According to statistics, the world captured approximately 1.4 trillion photos in 2021. Moreover, experts believe that by 2023, about 10 trillion photos will be in storage.
All those figures highlight how integral photography has become to our lives. But unfortunately, not all photos deliver the desired results.
However, it’s not always because of a lack of photography skills. Sometimes, it’s due to a poor photo background.
Fortunately, getting the perfect backdrop for your photos isn’t rocket science. Below we’ll share the dos and don’ts to help you achieve this goal, so be sure to read on.
Always prioritize a background that’s as clean and clear of distractions as possible. The last thing you want is to position your subject atop a “noisy” backdrop, as that will only drown them.
For instance, if there’s a pole or a tree in the background, you can move yourself and your subject away. Your photo’s primary element can also cover the distraction if it’s small enough.
However, if you want to include the tree, you can take the photo from a lower angle. That can complement your subject and add some height and depth to your image.
Suppose your background is a busy street or highway. In that case, you can take advantage of it by doing a time-lapse snap. That can give you a photo with a still subject on top of whizzing, colorful strands of lights.
If all else fails, you can always blur the background using photo editing tools. Such apps also let you remove background from an image. Moreover, they have options for changing photo backgrounds with your preferred one.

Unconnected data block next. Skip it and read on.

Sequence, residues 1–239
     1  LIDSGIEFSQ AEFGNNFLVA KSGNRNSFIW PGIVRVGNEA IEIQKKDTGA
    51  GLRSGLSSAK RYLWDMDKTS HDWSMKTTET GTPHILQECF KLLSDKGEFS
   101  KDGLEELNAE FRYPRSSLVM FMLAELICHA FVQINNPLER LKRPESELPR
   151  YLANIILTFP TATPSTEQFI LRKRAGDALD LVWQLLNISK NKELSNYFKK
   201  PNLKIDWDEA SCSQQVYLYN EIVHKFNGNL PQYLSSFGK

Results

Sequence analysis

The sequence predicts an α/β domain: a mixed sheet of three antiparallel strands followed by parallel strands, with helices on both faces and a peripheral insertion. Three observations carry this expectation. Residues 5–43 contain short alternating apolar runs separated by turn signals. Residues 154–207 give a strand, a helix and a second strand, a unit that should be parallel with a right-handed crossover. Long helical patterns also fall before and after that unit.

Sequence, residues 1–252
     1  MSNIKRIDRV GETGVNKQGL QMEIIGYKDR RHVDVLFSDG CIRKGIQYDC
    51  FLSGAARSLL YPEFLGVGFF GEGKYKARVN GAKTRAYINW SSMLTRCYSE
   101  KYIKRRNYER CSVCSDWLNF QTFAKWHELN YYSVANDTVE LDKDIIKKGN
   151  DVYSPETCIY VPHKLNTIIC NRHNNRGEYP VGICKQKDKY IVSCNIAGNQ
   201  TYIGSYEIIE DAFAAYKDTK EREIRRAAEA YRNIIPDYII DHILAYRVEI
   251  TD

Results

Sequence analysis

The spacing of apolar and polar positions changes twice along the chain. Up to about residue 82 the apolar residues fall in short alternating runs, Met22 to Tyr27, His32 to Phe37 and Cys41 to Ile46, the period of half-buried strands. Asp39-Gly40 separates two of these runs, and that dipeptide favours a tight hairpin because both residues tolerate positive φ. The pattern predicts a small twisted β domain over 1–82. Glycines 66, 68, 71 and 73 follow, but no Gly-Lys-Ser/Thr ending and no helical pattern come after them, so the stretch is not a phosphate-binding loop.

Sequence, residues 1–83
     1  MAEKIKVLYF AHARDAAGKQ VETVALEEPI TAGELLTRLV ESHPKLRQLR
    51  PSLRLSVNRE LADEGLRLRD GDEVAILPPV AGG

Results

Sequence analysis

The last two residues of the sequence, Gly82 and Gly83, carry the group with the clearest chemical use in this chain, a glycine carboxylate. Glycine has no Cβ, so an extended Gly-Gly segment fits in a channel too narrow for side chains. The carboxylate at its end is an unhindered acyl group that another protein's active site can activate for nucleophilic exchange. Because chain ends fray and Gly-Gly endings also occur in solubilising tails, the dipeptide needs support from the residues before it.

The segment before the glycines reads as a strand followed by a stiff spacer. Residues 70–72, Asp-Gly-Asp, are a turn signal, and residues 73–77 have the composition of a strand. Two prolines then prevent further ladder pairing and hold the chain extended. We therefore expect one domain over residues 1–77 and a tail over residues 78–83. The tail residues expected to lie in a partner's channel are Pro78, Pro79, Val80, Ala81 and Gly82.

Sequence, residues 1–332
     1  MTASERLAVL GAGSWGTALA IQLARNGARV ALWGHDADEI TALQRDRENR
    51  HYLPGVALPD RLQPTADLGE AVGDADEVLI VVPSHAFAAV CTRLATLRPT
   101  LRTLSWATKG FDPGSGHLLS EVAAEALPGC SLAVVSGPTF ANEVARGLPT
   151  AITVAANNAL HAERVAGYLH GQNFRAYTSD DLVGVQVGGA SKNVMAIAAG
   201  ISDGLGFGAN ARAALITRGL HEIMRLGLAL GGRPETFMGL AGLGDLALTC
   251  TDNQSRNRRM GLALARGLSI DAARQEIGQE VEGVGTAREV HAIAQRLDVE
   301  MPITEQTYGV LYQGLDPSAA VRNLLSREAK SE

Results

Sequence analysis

If the horizon is your backdrop, keep it as straight as possible. While you can use image editing tools to align them, you risk losing a lot of the background. The wonkier the background’s alignment, the more of it you’d have to crop out post-process.
Fortunately, most modern digital SLR cameras and smartphones have alignment grid lines. So, you can enable this feature on your device and use it as a guide when taking horizon-backed photos.
Every part of the visual process, from seeing to identification, relies on light. For starters, the cornea (the transparent, front-most layer of the eye) needs light to help the eye focus. Then, special cells in the eyes’ retina turn light into signals for the brain to process.
Thus, anything that has light is attractive to the eyes. For the same reason, the lighter the color of an element in a photo, the faster it captures the eyes’ attention.
That’s also why you don’t want your photos’ backgrounds to be lighter than your subject. Moreover, ensure your subject receives adequate lighting if you’re snapping outdoors. Otherwise, they’re going to appear more like the backdrop.
As you can see, a subject isn’t the only factor that makes for a captivating image; so is a photo background. If those two don’t jive, the outcome could be more distracting than engaging. So, to avoid that, be sure to follow the dos and avoid the don’ts we’ve discussed here.
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